data acquisition phase and to operate at the main circuit clock frequency. Another problem encountered was the selection of the right datum after
n
cycles, while all data are shifting perma
9
bit
+
oef
( O)
Coefficient
transfer
bus
rewrite read/write readhrite line
word
line
word
line
DOUT
TI
TI
DD

i
readbiline
..
..

VDD
_____________________________________
Fig.
5.
Delayline internal structure.
nently. Indeed, consecutive input data become output every clock cycle and not every
n
clock cycles. This problem was solved by using not only the last line output, but all the read line outputs and selecting the right datum through a multi plexer. Let and
c
+
denote the number of lines and columns, respectively (the global delay achieved is equal to
IC).
Sup posing the line is looped, at time
i
if D(imodIc) is the output of the fth line, then data
D i
cmodlc),
D i
2c
mod
IC),
.,
D i
 I
1)c
mod
IC
are the output
of
lines
1,2,.
,

1
(Fig. 6). If data
D i
mod
fc)
s read at time
i
we want to read data
D i
+
mod
IC)
to be read at time
i
nj. Thus, for all
j
>
0:
i
+
mod
fc
must belong to
{i
nj

mod
fc;
.
,
i
+
nj

I

)
c
mod
IC,
i
+
nj
mod
IC}.
(6) We can verify that (6) has solutions if and only if
c
divides
n

1.
The simplest solution
is
obtained for
c
=
n

1.
(Note that this constrains the global delay to be a multiple
of
n,
which was not a problem in our case.) Thus, data
D i+
j
mod
fc)
an be taken at line
j
mod
1.
Here,
f
=
6,
n
=
c
+
1
=
41, and
fc=240.
Consecutive input data can then be taken at consecutive lines
of
the structure every 41 clock cycles.
MAGINOT
et
al.
:
A GENERALPURPOSE HIGHSPEED EQUALIZER
213
Xn+l
=
new
data
Wi
mod
IC
Wi+l)c
mod
IC
Mia
mod
k)
D ic
mod
C
DOUT
DIN
1
POINTER
f
Fig.
6.
Delayline architecture.
COd(89)
=.xefMent3tobe
transfened
m
he
Condcd
=
efficient
check
esult
lta
A
EL
I
Coefficient
check
i+
6
16
Fig.
7.
Algorithmic part architecture.
Compared with the srcinal structure, the multiplexer over head is very small and the select block (looped register) can be shared between all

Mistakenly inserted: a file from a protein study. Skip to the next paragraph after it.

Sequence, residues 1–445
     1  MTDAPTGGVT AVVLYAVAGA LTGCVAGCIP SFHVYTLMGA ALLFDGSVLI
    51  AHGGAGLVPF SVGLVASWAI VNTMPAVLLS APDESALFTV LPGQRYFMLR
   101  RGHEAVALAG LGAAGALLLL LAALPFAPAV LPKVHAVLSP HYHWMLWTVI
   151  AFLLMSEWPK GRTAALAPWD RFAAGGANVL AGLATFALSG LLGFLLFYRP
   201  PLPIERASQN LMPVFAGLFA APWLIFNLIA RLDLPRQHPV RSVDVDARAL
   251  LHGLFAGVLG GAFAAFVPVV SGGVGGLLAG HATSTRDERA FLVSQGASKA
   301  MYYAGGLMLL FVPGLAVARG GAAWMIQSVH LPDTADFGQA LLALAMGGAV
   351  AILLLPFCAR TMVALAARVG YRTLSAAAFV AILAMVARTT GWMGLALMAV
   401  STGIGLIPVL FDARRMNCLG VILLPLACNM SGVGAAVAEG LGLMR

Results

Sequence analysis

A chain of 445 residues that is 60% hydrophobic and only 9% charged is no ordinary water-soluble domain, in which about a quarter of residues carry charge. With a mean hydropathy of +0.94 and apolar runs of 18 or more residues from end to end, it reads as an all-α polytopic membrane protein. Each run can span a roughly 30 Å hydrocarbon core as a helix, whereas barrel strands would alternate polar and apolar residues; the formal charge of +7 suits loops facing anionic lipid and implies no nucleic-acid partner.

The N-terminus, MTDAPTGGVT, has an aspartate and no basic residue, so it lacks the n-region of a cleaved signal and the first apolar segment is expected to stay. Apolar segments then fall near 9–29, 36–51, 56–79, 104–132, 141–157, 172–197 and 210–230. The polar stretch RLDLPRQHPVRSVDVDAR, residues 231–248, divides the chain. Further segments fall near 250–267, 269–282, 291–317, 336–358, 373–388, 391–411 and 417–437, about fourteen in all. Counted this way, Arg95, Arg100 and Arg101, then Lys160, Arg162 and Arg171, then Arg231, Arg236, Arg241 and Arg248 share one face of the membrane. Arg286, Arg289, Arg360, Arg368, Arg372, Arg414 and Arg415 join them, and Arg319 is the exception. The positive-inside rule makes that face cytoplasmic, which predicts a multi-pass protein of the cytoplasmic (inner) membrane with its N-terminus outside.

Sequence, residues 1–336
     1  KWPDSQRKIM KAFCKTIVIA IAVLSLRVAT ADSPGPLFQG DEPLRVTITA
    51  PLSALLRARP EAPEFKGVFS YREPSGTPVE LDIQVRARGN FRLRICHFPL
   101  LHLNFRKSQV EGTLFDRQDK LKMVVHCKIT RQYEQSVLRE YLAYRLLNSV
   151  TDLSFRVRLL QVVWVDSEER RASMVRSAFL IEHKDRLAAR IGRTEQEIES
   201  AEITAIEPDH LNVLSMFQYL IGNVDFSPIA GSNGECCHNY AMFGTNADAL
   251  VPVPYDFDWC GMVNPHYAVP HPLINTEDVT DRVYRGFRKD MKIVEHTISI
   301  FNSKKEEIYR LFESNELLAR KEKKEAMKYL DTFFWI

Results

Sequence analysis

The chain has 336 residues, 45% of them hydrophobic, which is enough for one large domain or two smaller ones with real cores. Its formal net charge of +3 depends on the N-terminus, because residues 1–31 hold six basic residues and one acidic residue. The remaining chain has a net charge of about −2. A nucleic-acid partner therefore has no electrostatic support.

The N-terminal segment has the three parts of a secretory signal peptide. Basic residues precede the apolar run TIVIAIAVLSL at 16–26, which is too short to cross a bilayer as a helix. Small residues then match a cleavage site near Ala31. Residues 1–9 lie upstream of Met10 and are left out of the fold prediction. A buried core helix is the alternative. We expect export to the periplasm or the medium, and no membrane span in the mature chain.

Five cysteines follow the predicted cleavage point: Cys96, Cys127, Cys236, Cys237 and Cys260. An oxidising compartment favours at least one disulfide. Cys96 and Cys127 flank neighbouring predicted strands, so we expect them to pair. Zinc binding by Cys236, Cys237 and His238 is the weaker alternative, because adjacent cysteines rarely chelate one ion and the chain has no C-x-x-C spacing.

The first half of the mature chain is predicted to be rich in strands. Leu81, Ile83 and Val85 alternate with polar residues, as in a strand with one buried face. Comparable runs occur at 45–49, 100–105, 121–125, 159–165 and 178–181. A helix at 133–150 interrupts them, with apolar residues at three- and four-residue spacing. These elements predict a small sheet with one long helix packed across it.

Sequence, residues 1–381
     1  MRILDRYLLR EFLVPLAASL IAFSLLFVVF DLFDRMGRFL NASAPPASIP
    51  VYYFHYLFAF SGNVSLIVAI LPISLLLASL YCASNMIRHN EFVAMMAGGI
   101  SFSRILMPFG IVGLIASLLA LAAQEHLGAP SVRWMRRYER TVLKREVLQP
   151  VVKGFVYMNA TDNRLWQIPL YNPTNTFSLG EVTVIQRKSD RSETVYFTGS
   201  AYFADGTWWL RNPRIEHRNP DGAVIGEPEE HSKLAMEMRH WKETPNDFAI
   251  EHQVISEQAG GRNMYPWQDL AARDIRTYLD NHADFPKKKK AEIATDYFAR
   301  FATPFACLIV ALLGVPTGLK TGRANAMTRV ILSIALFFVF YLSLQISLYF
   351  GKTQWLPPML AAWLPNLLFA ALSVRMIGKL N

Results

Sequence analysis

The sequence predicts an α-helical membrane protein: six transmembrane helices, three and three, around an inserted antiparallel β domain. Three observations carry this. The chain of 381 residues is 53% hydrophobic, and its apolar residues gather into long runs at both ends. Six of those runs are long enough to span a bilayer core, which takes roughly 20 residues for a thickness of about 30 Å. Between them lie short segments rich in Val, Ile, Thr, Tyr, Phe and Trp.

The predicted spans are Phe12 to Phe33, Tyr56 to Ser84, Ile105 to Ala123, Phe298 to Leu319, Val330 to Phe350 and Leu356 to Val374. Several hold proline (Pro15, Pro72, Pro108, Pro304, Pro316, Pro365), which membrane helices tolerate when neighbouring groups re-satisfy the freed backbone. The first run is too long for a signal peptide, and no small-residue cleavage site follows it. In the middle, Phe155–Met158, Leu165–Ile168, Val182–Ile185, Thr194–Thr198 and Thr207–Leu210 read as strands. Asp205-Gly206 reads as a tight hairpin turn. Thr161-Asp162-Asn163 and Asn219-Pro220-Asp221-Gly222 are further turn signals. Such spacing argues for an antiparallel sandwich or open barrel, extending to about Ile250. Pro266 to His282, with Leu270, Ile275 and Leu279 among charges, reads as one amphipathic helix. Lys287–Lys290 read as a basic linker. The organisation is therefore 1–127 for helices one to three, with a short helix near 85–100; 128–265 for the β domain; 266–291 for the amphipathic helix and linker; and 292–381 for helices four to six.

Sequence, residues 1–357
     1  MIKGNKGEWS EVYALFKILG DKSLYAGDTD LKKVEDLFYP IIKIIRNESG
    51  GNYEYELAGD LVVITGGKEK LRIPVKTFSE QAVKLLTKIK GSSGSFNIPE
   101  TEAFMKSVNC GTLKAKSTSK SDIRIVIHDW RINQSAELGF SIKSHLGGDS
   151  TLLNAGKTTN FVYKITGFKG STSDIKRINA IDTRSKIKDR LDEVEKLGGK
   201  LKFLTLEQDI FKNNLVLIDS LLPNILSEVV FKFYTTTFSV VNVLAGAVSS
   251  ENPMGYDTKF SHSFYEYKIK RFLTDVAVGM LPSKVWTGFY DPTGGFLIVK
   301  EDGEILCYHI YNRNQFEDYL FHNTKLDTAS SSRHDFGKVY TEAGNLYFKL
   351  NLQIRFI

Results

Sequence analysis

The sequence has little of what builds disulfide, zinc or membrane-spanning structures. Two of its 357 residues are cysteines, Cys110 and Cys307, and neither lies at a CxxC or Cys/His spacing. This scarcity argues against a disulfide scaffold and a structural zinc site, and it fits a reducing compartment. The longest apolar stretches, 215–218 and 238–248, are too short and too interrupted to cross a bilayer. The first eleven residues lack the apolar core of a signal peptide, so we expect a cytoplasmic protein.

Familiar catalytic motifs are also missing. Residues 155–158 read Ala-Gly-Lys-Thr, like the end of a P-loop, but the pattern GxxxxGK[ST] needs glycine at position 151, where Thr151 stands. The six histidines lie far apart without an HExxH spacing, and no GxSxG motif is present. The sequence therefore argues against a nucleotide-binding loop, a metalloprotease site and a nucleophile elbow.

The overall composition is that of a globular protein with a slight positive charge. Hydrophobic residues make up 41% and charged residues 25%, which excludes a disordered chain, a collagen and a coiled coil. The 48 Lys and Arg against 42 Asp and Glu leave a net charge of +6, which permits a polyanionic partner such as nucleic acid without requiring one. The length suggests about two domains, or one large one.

8
b.
C.
Algorithmic Operative Part
As seen above, the algorithm (including filter output com putation) is processed in different times in the operative part (see Fig 7). This part therefore needs to memorize 16 data
xi
and 16 filter coefficients
hj )
at each step
of
the algorithm. Thus, this part includes four different static shift registers: the first of sixteen 8b data, the second of sixteen 17b coefficients, and the
two
others of sixteen 9b minimum and maximum coefficient values. The choice
of
fully static shift registers, instead of a dynamic delay line (as in Section IVB), was dictated by the following consideration: coefficient values can be stored in the operative part for a long and undetermined period. This can depend on the arrival time of the next window signal, but also on the system configuration: in the DZMAC applica tion, equalization can be suspended as long as the binary error rate is satisfactory, and then be restarted with the last computed coefficient set. It
is
thus impossible to use a dynamic delay line which has a minimum shifting frequency (unless using a complicated logic). Furthermore, it was easy to implement, in such a shift register,
two
different kinds
of
initialization (transparent filter
or
halfNyquist filter). This part also contains one 8b
X
9b multiplier (identical to filter multipliers), a 19b carry lookahead adder to per form the accumulation (equation (l)), and a 17b carry looka head adder to compute the coefficient incrementation (equa tion
(2)).
These optimized adder architectures are included in our datapath generator. Because
of
the accuracy required by
(2),
coefficients are 17b
two s
complement coded during the whole algorithm computation, except during the multipli cation and,
of
course, before the transfer to the transversal filter, where they are 9b rounded (Fig. 7). The values of computed coefficients are continuously checked in the operative part. They are first constrained to a certain range around their initial values:
two
9b compara tors are used with the
two
sixteen 9b "minimum and maxi mum value" shift registers. Second, their sum has to be greater than half the value
of
the central coefficient: a 13b ripple carry adder performing the coefficient accumulation and a 13b comparator are implemented. These checks are performed in order to detect any possible algorithm diver gence. In such a case, computations are reset to coefficient initial values.
D.
rogrammable Registers
Four programmable configuration registers can be loaded according to an asynchronous buslike mode (independent
of
system clock). With a chip select
(CS,
active high),
two
address bits (REGADO, REGADl), and a clock signal (WRITE, active
on
the rising edge), a master chip can load configuration values into the registers using the 8b input data bus.